Thursday, June 03, 2010

Receptionists Beware

... your days are numbered.

This little gizmo was placed in one of our facility's lobbies this week. (No, it's not being used to get your boarding pass on your way to the airport, but it is amazing the parallels health care is taking with the airline industry):

Click to enlarge

Instead, it's used to check in patients presenting to have their blood drawn for prothromin times.

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Just swipe your credit card, confirm your appointment, sign your name, and away you go!

On seeing this, one doctor exclaimed, "But INR checks are my patient's only chance to get out and socialize!"

Fortunately for now there are still helpful assistants there to help them learn how to use the device.

-Wes

5 comments:

Jackie said...

That is just... wow....

It boggles my sheltered Canadian mind!

xx
Jaxs

WarmSocks said...

Orthodontists have had similar computerized check-in for a few years, but they still have receptionists to answer phones, schedule appointments, etc.

Hillary said...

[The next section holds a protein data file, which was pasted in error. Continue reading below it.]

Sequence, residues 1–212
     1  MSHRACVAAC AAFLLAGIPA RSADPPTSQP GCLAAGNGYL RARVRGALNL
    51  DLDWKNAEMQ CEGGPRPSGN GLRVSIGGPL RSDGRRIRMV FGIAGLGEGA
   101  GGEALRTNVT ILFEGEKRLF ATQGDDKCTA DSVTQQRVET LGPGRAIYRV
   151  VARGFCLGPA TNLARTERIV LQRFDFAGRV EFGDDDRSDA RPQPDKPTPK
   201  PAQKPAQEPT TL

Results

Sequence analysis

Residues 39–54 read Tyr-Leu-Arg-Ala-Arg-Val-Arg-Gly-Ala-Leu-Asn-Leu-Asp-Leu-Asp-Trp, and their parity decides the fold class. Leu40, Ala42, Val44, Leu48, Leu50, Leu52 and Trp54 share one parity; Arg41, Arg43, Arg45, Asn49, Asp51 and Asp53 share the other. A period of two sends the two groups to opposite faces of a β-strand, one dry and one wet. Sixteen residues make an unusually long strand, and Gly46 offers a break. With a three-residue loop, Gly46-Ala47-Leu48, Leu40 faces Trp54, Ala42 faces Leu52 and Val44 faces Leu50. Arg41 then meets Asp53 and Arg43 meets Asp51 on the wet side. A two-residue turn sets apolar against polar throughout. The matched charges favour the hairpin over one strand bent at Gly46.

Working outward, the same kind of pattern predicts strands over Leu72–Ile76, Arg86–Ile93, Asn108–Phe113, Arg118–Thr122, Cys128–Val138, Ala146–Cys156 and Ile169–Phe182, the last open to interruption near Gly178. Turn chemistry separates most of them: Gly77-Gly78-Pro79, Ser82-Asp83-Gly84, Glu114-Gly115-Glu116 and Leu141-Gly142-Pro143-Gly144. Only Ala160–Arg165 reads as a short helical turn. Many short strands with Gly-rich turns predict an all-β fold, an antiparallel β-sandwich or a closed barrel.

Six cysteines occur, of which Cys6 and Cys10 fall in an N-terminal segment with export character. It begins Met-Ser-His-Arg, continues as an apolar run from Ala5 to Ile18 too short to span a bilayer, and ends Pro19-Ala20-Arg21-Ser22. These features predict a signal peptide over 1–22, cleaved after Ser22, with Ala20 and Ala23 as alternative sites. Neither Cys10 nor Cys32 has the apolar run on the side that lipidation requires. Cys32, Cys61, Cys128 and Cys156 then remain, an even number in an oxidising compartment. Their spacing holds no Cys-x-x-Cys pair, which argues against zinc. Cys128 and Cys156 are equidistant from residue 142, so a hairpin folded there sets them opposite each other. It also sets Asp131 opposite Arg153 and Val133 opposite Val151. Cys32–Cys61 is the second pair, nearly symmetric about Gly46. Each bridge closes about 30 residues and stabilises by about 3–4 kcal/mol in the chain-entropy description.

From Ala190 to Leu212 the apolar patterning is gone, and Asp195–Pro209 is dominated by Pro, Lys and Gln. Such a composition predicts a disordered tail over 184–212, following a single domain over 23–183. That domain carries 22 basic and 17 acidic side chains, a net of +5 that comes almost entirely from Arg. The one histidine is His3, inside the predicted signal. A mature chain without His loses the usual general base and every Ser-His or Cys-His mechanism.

My orthodontist does this - they have a computer where the patient types their last name and it pulls up name and appointment time. Once the patient confirms, the system lets the hygienist (is that the right word for an orthodontist's assistant?) know their patient has arrived.

The orthodontist in my hometown still wins - they run a van service between their office and the middle school. The parents sign a note that their child is being treated there and the orthodontist's office lets the school know who they're taking and when.

Anonymous said...

A similar gizmo just showed up in my internist's office, but it's like the orthodondist's one: it's just for checking in, doesn't take payments. I think the goal is to let patients check in as soon as they arrive, no matter how many people are standing in line waiting to pay or make follow-up appointments.

Anonymous said...

Johns Hopkins hospital cancer center has one of these. It won't let you check in if you have an outstanding payment, however. I thought that was kind of crass.

bev M.D.